skip to main content

Rep. Timothy Walz’s 2017 Report Card

Representative from Minnesota's 1st District
Democrat
Served Jan 4, 2007 – Jan 3, 2019


These year-end statistics cover Walz’s record during the 2017 legislative year (Jan 3, 2017-Dec 31, 2017) and compare him to other representatives serving at the end of that period. Last updated on Jan 6, 2018.

A higher or lower number below doesn’t necessarily make this legislator any better or worse, or more or less effective, than other Members of Congress. We present these statistics for you to understand the quantitative aspects of Walz’s legislative career and make your own judgements based on what activities you think are important.

Keep in mind that there are many important aspects of being a legislator besides what can be measured, such as constituent services and performing oversight of the executive branch, which aren’t reflected here.

 

Was most absent in votes compared to Minnesota Delegation

Walz missed 6.1% of votes (43 of 710 votes) in 2017. View Walz’s Profile »

Compare to all Minnesota Delegation (88th percentile); Serving 10+ Years (81st percentile); All Representatives (86th percentile).

The Speaker of the House is not included in this statistic because according to current House rules, the Speaker of the House is not required to vote in “ordinary legislative proceedings, and the delegates from the five island territories and the District of Columbia are also not included because they were not elligible to vote in any roll call votes.


 

Held the most committee positions compared to Minnesota Delegation (tied with 1 other)

Walz held a leadership position on 1 committee and 0 subcommittees, as either a chair (majority party) or ranking member (minority party), at the end of the session. For comparison to other Members of Congress, we assigned a score giving five points for each full committee leadership position and one point for each subcommittee leadership position. View Walz’s Profile »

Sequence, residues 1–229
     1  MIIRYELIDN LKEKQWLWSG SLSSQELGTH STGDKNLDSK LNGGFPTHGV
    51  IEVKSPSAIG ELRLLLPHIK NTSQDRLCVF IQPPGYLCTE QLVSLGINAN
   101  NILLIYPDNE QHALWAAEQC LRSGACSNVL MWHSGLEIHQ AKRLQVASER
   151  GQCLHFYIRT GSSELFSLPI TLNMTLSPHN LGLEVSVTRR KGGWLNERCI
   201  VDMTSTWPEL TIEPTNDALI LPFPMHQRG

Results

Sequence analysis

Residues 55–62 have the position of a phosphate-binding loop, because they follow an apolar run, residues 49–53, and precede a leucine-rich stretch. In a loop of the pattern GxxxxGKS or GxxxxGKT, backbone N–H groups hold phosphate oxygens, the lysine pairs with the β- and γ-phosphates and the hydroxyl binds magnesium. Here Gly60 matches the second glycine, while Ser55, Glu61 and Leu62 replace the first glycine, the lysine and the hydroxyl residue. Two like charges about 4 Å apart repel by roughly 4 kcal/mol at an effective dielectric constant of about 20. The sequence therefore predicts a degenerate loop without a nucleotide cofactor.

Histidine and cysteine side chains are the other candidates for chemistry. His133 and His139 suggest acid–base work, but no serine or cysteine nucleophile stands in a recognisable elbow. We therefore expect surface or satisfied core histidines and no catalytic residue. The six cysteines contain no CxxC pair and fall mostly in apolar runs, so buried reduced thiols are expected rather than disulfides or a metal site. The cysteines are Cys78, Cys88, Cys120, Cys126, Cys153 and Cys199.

Compare to all Minnesota Delegation (75th percentile); Serving 10+ Years (76th percentile); House Democrats (90th percentile); All Representatives (90th percentile).


 

Joined bipartisan bills the 12th most often compared to All Representatives

In this era of partisanship, it is encouraging to see Members of Congress working across the aisle. Of the 266 bills that Walz cosponsored, 45% were introduced by a legislator who was not a Democrat. View Cosponsored Bills »

Compare to all Minnesota Delegation (75th percentile); Serving 10+ Years (96th percentile); House Democrats (94th percentile); All Representatives (97th percentile).

Only Democratic and Republican Members of Congress who cosponsored more than 10 bills and resolutions are included in this statistic.


 

Got the 57th most cosponsors on their bills compared to All Representatives

Walz’s bills and resolutions had 415 cosponsors in 2017. Securing cosponsors is an important part of getting support for a bill, although having more cosponsors does not always mean a bill will get a vote. View Bills »

Compare to all Minnesota Delegation (75th percentile); Serving 10+ Years (79th percentile); House Democrats (85th percentile); All Representatives (87th percentile).


 

Introduced the 61st fewest bills compared to All Representatives (tied with 16 others)

Walz introduced 5 bills and resolutions in 2017. View Bills »

Compare to all Minnesota Delegation (25th percentile); Serving 10+ Years (18th percentile); House Democrats (14th percentile); All Representatives (14th percentile).


 

Cosponsored the 94th most bills compared to All Representatives (tied with 2 others)

Walz cosponsored 266 bills and resolutions introduced by other Members of Congress. Cosponsorship shows a willingness to work with others to advance policy goals. View Cosponsored Bills »

Compare to all Minnesota Delegation (50th percentile); Serving 10+ Years (73rd percentile); House Democrats (53rd percentile); All Representatives (78th percentile).


 

Laws Enacted

Walz introduced 1 bill that became law, including via incorporation into other measures, in 2017. Keep in mind that it takes a law to repeal a law. Very few bills ever become law. View Enacted Bills »

Those bills were: H.R. 2519: The American Legion 100th Anniversary ...

Compare to all Minnesota Delegation (63rd percentile); Serving 10+ Years (81st percentile); House Democrats (87th percentile); All Representatives (79th percentile).